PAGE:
You have to say the same old thing in a fresh new way.

Whether you’re a writer or some other form of creative, it’s good advice. You’ve probably heard that there is “nothing new under the sun,” or something to that effect. Solomon may have written it first, but I bet even he didn’t come up with the idea.

All that has been done and seen and told has happened before, in some manner. Yes, apparently even the cavemen were distracted by texts during family dinner time. Someone pass the mammoth spare ribs!

Point is, the fact something has been done before shouldn’t dissuade you from engaging it creatively. For everything that has been done, there is a new way you can do it, a manner unique only to you. Even the commonplace and ordinary can be turned into something spectacular. Like the guy who fashioned sculptures out of Starbucks cups. Opportunities to create something fresh and new are all around you.

It’s funny, there are only 26 letters in the alphabet, but new words are being created all the time, and not necessarily long ones either. Walsorf, for example. I just made that one up, see? I’ll let you figure out what it means.

Even if you’re engaging in a very old art form—baking for example—there are always new ways to do it. There are new techniques, new ingredients, and new tools. All sourdoughs were not created equal. Trust me on that one.

So whether you’re scrapbooking or scrap baking (I think I made that up, but it sounds cool), serve it up with a fresh new take on an old familiar flavor.

balance revisited

As I’ve mentioned in the previous post, I’m reading The ONE Thing. In the book, they talk about “lies,” people often believe.

I’ll admit, most of them I can nod along with and say, “sure, sure,” like Paul Newman’s character from The Hudsucker Proxy (great movie if you haven’t seen it). But some of the supposed “lies” are actually a bit harder for me to swallow. Two in particular: a disciplined life and a balanced life. The book’s authors claim both are a lie.

I consider myself to be a fairly disciplined person and I’m all about that balance stuff.

It turns out the disciplined “lie” isn’t so striking. The argument is that instead of trying to be disciplined in all aspects of life (and failing), just be disciplined in one thing. It makes sense and they use Michael Phelps as an example, so who can argue with that, right?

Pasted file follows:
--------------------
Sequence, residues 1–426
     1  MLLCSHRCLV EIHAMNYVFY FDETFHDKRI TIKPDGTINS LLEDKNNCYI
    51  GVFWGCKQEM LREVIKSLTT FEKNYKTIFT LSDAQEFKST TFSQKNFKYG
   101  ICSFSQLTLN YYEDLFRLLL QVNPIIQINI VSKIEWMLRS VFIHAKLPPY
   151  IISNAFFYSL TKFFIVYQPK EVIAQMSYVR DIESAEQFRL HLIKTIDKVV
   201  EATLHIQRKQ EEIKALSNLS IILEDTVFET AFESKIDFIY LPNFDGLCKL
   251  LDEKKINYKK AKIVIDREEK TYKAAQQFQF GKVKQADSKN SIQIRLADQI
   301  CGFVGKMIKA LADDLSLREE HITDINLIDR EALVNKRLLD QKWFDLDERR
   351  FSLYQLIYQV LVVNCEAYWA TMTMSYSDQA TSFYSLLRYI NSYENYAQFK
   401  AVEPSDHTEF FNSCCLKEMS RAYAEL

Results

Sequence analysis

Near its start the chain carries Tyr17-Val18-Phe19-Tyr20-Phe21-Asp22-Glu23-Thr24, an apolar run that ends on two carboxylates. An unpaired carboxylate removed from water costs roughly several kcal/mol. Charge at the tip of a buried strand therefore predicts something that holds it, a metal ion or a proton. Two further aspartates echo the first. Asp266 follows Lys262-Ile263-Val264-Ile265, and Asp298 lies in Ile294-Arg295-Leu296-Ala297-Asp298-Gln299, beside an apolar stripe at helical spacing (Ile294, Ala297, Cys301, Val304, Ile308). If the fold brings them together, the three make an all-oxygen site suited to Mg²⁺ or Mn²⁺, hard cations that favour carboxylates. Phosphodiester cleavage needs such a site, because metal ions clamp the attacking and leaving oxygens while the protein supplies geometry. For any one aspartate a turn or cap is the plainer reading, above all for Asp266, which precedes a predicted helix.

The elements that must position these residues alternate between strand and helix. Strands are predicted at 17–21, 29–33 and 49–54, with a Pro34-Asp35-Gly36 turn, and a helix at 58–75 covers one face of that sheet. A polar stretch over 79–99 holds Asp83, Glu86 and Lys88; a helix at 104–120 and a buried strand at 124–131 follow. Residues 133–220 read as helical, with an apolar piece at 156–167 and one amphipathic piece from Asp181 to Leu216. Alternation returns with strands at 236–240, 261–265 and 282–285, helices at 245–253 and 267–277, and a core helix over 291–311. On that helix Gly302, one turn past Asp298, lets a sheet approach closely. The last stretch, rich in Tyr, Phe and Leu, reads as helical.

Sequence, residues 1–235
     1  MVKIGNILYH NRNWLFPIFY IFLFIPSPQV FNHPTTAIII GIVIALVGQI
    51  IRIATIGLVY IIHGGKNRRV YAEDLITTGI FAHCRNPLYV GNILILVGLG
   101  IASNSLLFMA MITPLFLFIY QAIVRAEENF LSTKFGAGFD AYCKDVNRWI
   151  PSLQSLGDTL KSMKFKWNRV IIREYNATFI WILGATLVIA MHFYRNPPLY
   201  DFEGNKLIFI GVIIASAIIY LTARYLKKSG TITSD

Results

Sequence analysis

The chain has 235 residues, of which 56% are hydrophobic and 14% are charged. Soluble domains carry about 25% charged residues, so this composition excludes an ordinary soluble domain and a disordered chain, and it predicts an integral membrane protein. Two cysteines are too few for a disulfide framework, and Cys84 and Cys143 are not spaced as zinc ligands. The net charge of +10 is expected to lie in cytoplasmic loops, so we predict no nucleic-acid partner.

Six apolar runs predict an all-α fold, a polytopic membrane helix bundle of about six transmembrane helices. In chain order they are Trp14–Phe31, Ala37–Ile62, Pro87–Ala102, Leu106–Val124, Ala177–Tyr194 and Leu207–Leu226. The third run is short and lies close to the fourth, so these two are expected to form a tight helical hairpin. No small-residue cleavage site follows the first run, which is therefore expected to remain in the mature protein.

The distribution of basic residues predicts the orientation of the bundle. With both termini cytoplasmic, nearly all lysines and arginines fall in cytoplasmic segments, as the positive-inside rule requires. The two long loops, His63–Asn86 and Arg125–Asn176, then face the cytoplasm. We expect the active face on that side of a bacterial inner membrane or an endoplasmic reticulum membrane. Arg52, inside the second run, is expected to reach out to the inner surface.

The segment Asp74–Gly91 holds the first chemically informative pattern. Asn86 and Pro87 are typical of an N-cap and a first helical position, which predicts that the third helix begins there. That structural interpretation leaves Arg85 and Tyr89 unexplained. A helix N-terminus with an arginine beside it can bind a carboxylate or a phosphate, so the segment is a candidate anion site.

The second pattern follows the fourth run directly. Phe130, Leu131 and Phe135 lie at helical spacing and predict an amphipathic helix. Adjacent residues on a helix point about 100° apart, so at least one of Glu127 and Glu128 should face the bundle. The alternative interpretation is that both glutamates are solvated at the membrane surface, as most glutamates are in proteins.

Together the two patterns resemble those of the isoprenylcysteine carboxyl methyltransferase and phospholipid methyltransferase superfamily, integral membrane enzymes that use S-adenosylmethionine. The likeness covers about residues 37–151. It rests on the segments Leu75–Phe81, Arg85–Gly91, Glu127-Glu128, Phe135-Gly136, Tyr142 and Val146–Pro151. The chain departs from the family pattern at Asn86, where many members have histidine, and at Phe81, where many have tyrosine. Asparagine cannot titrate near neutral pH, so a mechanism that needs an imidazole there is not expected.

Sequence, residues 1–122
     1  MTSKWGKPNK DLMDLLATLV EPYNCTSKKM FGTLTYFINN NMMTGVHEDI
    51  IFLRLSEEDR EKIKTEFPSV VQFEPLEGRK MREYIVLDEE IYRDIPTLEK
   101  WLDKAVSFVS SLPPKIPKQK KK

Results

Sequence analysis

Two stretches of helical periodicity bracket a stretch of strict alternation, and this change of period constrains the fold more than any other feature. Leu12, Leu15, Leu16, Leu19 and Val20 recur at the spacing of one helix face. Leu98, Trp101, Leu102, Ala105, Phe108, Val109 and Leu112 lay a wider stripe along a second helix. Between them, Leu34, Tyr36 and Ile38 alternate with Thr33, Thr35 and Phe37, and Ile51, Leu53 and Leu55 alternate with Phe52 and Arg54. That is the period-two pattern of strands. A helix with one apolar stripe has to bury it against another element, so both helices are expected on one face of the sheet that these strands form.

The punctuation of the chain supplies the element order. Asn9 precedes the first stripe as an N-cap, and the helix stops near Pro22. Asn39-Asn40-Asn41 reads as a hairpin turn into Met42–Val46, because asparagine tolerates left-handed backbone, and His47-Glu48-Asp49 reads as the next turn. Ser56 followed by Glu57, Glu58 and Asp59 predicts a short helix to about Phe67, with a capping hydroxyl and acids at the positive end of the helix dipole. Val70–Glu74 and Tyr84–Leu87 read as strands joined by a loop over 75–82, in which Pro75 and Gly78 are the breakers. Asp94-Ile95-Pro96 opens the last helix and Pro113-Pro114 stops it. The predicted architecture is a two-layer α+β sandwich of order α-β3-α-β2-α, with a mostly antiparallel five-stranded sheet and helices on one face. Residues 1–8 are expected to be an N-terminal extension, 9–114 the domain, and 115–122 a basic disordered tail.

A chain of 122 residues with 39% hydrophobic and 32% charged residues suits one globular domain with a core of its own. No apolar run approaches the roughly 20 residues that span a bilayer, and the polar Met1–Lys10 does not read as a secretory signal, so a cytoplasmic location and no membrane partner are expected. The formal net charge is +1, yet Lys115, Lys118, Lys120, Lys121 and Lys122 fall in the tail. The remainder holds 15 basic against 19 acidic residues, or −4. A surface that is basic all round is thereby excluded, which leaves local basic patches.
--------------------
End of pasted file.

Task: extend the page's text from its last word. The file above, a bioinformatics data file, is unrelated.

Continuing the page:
Balance though, that’s something I’ve really got to lean into (pun alert).

We live in a world full of extremes and I’ve always felt that balance is a healthier approach. There’s a balanced diet, a balanced checkbook, even balance bikes (you know, for kids).

The book makes the argument that while balance sounds great, no one actually achieves it—it’s an impossible ideal. Okay, yeah, maybe there’s some truth to that. 

In my mind, when I finally reach perfect balance I’m sitting alone atop a grassy knoll with legs crossed in some Zen-like trance and, somehow, little stones are hovering around me. That’s the moment right before I single-handedly take on an army of Storm Troopers. Hey, it’s my dream, I can do what I want.

Really, that’s never gonna happen. There are dishes to feed, mouths to change, and diapers to load. Oh, and that whole business about making money in order to keep the lights on. Plus the only Storm Troopers I know are just folks in costume.

Life is too full of important and necessary things to keep them all in balance. I get that. But I still think a mindset of balance is beneficial.

It’s better to allow yourself a little bit of sugar once a day (diabetics not included) than to go a few days without and then totally gorge yourself on it. Same with exercise. A little bit of exercise (like a short jog) every other day is way healthier than none at all followed by a day of pushing your body to the edge of cardiac arrest.

The book’s argument against balance is that only the people who live on the extremes are successful. That may be true in some sense, but I think it’s debatable as a principle for everyone. I know plenty of people who have lived their life on the extremes and done quite poorly for themselves.

The ONE Thing offers “counter balance” as the alternative to a balance life, where you focus on one thing while everything else gets neglected and then you return to the other things and focus on re-balancing. But even they can’t help but give the strong warning not to neglect family life too often for work. So even the balance haters have to admit there’s a need to hold work and family in some kind of equilibrium.

In the end, I think we might be talking about two sides of the same coin here. 

To me, balance is not holding everything equally, giving it all the same amount of time and attention. Clearly that’s not possible. Balance is finding the right amount of time to give every task, thought, emotion, goal, habit etc. If you’re angry all the time, or sad all the time, or even happy all the time, that’s not good. Life has rhythms and flows. For everything there is a season (you know the rest).

It’s kinda like a hula-hoop. You might look pretty silly swinging your hips that way and at the start you just keep dropping it again and again. But, the more you work at it, the more you figure out just the right way to keep that thing going, around and around and around.

Wait, were we talking about balance or centripetal force? Ah well, save it for another post I guess.

By the way, here's my previous post on balance, if you're leaning that way.

a creative divided

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I’ve been reading The ONE Thing by Gary W. Keller and Jay Papasan. It’s got a lot of good information, much of which I’ve read elsewhere.